by Brian Balfour
Senior Vice President of Research, John Locke Foundation
Did North Carolina spend its $3.6 billion in Covid relief funds for their intended purpose? Did the spending yield positive results?
According to a newly-released audit by State Auditor Beth Wood’s office, we don’t know.
“The North Carolina Pandemic Recovery Office (NCPRO) performed limited monitoring,” according to the audit. More specifically, “NCPRO did not independently verify spending,” the audit found, and that was because NCPRO “stated it prioritized (1) coordinating and distributing funds and (2) providing technical assistance to recipients instead. However, federal regulations required NCPRO to monitor recipient spending of Coronavirus Relief Funds.”
NCPRO was established by the state budget office “to oversee and coordinate funds made available under Recovery Act legislation.”
As a result of this lack of oversight and follow up, “there was an increased risk that recipients could have misused the funds without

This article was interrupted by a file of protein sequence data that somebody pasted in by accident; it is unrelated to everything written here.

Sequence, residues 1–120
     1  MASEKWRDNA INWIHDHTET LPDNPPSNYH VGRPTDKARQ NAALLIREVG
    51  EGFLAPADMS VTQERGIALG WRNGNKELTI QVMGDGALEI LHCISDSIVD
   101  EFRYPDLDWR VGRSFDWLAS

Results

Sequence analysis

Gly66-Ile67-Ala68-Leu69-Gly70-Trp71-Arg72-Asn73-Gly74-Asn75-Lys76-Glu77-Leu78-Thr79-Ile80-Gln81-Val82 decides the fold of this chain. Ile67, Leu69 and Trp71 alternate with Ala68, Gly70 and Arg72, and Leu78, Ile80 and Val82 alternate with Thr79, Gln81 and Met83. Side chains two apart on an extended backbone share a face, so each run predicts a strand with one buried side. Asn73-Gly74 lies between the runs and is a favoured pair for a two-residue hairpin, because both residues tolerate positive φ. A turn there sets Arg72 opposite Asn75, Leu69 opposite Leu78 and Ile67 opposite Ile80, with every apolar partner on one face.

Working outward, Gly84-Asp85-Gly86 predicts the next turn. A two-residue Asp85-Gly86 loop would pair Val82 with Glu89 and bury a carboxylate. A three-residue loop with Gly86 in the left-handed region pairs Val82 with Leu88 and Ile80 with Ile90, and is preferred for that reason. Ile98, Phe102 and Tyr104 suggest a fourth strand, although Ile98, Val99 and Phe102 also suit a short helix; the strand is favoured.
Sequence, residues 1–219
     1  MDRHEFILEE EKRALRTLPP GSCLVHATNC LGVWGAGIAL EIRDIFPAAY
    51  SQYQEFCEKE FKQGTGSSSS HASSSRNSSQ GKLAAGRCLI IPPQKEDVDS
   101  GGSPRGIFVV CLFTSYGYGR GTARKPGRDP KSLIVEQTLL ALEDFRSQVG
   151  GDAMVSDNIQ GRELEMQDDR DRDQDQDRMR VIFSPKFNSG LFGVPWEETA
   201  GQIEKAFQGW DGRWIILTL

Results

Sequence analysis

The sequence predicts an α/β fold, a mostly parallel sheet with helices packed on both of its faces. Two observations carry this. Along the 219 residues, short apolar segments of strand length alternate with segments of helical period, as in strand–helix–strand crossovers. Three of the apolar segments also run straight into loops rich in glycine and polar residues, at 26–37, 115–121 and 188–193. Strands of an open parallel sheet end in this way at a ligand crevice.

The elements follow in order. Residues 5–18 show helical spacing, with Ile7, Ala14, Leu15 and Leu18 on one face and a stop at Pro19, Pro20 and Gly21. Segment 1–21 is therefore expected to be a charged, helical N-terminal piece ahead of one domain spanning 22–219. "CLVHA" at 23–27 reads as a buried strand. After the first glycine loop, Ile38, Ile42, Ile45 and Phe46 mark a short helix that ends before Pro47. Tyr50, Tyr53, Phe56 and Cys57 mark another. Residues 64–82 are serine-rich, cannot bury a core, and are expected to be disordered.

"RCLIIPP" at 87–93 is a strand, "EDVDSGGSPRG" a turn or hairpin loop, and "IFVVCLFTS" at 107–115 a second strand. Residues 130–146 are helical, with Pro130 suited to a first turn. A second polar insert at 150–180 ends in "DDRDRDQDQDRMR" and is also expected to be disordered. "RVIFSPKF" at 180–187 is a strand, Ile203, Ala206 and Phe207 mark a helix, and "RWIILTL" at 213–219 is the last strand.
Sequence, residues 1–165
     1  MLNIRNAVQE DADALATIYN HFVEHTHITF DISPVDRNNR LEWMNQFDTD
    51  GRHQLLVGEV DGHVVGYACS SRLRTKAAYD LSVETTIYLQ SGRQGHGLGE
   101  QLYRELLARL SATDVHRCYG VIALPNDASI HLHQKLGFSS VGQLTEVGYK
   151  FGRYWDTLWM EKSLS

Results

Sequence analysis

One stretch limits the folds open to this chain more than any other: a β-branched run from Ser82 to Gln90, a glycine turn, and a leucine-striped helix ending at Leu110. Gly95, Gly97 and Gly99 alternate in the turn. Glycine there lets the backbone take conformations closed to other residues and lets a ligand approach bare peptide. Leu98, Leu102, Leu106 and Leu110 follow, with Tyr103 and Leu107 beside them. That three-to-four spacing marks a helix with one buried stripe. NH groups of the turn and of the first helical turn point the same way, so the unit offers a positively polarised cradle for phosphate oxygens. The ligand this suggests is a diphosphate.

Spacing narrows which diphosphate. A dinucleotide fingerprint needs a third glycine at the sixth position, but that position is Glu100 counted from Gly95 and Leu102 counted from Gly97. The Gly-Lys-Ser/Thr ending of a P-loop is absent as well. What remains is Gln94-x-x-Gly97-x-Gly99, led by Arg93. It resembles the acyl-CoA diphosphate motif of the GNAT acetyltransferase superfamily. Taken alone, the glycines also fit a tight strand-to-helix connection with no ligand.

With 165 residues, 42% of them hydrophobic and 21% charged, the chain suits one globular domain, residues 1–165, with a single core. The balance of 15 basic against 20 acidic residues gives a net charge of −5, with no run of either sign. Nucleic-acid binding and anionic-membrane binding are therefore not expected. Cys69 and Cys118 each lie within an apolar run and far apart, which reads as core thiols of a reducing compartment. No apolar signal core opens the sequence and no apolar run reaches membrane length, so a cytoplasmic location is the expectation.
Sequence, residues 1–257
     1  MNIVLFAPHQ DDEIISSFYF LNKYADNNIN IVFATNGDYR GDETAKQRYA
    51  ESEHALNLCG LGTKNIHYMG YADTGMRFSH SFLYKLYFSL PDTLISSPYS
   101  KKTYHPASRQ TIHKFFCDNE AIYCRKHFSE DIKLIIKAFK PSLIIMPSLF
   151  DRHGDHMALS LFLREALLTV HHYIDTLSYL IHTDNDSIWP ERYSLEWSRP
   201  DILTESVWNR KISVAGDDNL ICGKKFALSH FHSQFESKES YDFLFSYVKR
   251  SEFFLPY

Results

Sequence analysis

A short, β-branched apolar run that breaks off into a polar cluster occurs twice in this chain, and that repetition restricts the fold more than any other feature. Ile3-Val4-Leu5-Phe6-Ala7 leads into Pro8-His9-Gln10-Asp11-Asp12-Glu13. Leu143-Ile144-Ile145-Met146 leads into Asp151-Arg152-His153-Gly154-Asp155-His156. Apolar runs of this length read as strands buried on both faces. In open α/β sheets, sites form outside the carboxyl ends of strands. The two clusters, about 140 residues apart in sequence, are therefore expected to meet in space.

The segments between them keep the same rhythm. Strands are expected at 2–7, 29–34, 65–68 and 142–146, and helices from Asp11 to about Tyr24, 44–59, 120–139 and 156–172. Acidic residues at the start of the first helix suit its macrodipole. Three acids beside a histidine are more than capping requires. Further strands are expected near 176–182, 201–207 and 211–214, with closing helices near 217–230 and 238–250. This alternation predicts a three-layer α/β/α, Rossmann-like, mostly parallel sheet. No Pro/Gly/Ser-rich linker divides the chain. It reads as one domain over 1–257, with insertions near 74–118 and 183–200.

the misuse being detected and corrected timely,” the audit concludes. “Additionally, NCPRO was limited in its ability to know whether funds were achieving legislatively intended results and take timely corrective action if necessary.”
NCPRO did require recipients to submit monthly spending reports with documentation, however, the audit found that NCPRO “did not independently verify that the spending information was accurate and in accordance with the Recovery Act.
“Without independent verification, NCPRO could not detect misuse of the funds that could occur due to misunderstandings, errors, or omissions.”
Moreover, the audit found that NCPRO “distributed approximately $3.1 billion of Coronavirus Relief Funds to provide economic support in the wake of COVID-19 without ensuring that all recipients (1) had objectives for what they would do with the funds, (2) had goals for how they would accomplish their objectives, and (3) measured their progress towards meeting their goals.”
In short, a lack of oversight and verification means that we don’t know if the billions in Covid relief funds were spent appropriately, or if it achieved the intended results.